Religious Leaders unify Palestinians in Faith with WCC Ecumenical Program

Three heads of churches in Jerusalem – the Roman Catholic patriarch, Michel Sabbah, Lutheran bishop, Munib Younan, and Greek Melkite archimandrite, Mtanios Haddad - have visited three principally Muslim Palestinian communities, showing their support and appreciation for the work of the members of the World Council of Churches (WCC) Ecumenical Accompaniment Programme in Palestine and Israel (EAPPI).

During visits on 2nd August to the West Bank, communities of Tulkarem, Jayyous and Nablus, the three bishops met with Christian and Muslim religious and civil leaders, demonstrating the collaboration between members of both faiths, and the fact that the Palestinian people are one and unified.

The delegation and local community leaders praised the work of the EAPPI accompaniers for demonstrating clearly the positive role that churches play in Palestinian society, both towards Muslims and Christians.

The EAPPI accompaniers’ duties include monitoring and reporting violations of human rights and international humanitarian law and support acts of non-violent resistance.

The three communities were chosen because the accompaniers have worked in all three places. The church leaders also wanted to demonstrate solidarity with those communities which have suffered the effects of Israel’s "separation wall", and its policies restricting freedom of movement.

Latin Patriarch Sabbah showed appreciation for EAPPI's efforts in an address to a group of Christian and Muslim religious and secular leaders in Nablus.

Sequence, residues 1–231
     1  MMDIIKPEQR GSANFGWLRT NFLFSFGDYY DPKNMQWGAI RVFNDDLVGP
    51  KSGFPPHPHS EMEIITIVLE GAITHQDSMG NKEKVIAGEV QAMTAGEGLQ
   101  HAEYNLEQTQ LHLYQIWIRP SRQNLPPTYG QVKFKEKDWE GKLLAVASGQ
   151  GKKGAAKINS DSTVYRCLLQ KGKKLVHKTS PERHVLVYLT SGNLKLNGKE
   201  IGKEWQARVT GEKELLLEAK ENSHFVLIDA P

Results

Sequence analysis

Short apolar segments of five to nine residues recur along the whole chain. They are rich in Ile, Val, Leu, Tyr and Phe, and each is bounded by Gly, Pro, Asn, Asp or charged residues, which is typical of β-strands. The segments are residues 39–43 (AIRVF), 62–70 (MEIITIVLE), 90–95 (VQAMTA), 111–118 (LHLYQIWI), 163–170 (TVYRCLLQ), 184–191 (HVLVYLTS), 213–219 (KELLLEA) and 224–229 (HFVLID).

"The love of Christ is not only for Christians; it is for everyone, and to the ecumenical accompaniers from the World Council of Churches, we called upon you and you came. We have put faith in you and we are always with you. This is an occasion to thank you, and also to thank the churches you represent and the World Council of Churches," said Sabbah.

Bishop Younan viewed the EAPPI as helping to prove how all people of faith can work together towards a common goal of peace.

"It is not true that there is a struggle between Christianity and Islam. We are communicating to the world that we are one nation, one cause, seeking justice and reconciliation - Christians and Muslims. The programme (EAPPI) proves this, as it is not only in Palestine but in Israel as well. We work with everyone who works for justice and reconciliation - Christians, Muslims and Jews. This programme works with people of all three faiths who work against injustice and for reaching a solution as members of one human family," Younan said.

Archimandrite Haddad supported his two colleagues: "This programme is important. It shows that the church is working for justice, without worrying about whom we are helping. I am very happy that Muslims accept the ecumenical accompaniers without worrying about religious divisions. This shows that it is not a religious problem; it is a political problem. This programme is a Christian testimony to peace."

Land Defence Committee member in Jayyous, Abu Azzam was one of many in the local communities who expressed their gratitude to the churches:

"We are one people, Muslims and Christians. We are together against the occupation. This visit not only confirms that, but shows the support we get from the churches and that we are not alone. They have supported us all the time. The ecumenical accompaniers show that as well. ...They are good friends to this community, and we are all one family."

"It's an honour to have them come and see what we're doing here, and the village people's reaction," said Ann-Catrin Andersson from Sweden, one of the accompaniers in Jayyous. "It is very important to see the commitment to us of the people who invited us. It is gratifying to see that they appreciate us. ...There are strong relations between the church and the community, a fruitful cooperation. I think that the work of the ecumenical accompaniers here has helped as well."

EAPPI was established after calls from Jerusalem Church leaders for an ecumenical presence in the area. Accompaniers join communities throughout Palestine and Israel, and carry out work with others who protest non-violently against the occupation.